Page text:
When we enter the gates of this land, currently owned by the Regional Government, this former philosophy professor, first president of the local Parish Council, is bent over some yams that he harvested moments before.
Caminho dos Murinhos, Luzirão
9325-156 Jardim da Serra
How to get there
+351 969 862 258 (Prof. Manuel Neto)
+351 926 651 058 (Marco Neto)
Teresa Vivas, Mesa Cultura Gastronómica
Texto de Tiago Pais
Fotografias de Tiago Pais
First, a caveat: the products that leave the land of Quinta Leonor are not sold to the public, but rather delivered to the Jardim da Serra Primary School, to the São Vicente de Paulo Conference, and other social solidarity institutions of the county and outside it. Because more than a producer, Manuel Neto is a kind of guardian, or conservator, of some products that were once abundant in the island's gardens, but which are increasingly being abandoned. And, therefore, it doesn’t have a commercial purpose. Even so, the common citizen can taste some of these relics.
When we enter the gates of this land, currently owned by the Regional Government, this former philosophy professor, first president of the local Parish Council, is bent over some yams that he harvested moments before. As he strikes them, he explains how "each yam tree lasts for many years, the edible part is removed and planted again." The so-called left-handed ones, the origin of the new plant, were used in the traditional wheat soup, making it more substantial. “My grandmother used to say it was chestnut uprooting food”, he smiles. Manuel shows us five varieties of yams. The purple, the yellow, the elephant's paw and two more curious ones. The “ugly and good” and the Silvestre (Wild). Capitalized because it is not wild, but belongs to an individual with that nickname.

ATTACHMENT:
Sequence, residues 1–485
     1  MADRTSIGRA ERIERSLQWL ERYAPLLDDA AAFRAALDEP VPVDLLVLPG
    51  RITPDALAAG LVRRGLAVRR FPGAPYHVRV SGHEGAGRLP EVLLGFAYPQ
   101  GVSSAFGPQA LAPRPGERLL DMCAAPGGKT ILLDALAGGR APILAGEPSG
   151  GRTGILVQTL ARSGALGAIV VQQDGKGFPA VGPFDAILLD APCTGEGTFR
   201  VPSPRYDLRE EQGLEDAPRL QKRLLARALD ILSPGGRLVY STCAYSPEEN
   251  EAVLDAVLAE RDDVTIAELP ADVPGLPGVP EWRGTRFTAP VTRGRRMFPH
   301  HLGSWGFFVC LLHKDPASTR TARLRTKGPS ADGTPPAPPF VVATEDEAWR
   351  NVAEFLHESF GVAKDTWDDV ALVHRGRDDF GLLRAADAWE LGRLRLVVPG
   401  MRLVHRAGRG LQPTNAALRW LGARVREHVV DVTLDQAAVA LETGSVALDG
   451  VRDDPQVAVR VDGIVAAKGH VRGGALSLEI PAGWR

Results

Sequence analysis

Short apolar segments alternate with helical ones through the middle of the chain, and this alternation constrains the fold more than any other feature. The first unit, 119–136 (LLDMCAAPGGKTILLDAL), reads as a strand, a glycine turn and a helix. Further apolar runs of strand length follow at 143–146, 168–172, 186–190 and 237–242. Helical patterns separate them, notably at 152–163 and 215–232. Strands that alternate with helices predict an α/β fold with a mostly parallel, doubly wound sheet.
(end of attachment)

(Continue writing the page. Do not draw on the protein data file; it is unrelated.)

However, the farm's activity is not restricted to the tubercle. An inventory of regional fruit trees is also carried out: apple, pear, and cherry trees. Word to the teacher: “This here [Jardim da Serra] was the land of cherry. It was something you planted and you didn't have to do anything.” But times have changed now: climate change has made cherry trees dry, making them more susceptible to fungi. It's the apple trees that don't feel bad: the person in charge proudly shows us photos of the last harvest. On that small piece of land, there are 30 varieties planted, such as Camoesa, Focinho de Rato or Pêro Domingos. And it’s already in the company of his son Marco, who manages the small family biological farm, following the principles of syntropic agriculture — where it’s possible to buy the products — that he serves us a delicious cider made precisely with this apple, which steals the name to his great-grandfather, the man who made him famous in Madeira. It's all in the family.